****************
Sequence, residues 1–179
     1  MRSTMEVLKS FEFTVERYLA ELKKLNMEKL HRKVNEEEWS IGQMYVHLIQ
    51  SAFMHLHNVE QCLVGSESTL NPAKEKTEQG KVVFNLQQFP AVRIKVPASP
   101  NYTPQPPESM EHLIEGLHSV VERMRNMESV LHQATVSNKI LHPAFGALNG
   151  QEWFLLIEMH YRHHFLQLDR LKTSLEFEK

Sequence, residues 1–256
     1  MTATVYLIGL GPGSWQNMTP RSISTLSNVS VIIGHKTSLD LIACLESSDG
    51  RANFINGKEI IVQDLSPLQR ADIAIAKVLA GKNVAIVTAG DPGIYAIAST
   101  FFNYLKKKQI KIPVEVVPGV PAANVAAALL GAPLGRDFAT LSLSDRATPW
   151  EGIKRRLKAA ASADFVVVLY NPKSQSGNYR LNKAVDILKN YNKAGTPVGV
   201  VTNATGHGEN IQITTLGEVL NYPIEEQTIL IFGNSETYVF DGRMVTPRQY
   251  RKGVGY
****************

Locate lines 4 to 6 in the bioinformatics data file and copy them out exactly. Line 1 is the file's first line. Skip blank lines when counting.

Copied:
   101  NYTPQPPESM EHLIEGLHSV VERMRNMESV LHQATVSNKI LHPAFGALNG
   151  QEWFLLIEMH YRHHFLQLDR LKTSLEFEK

Sequence, residues 1–256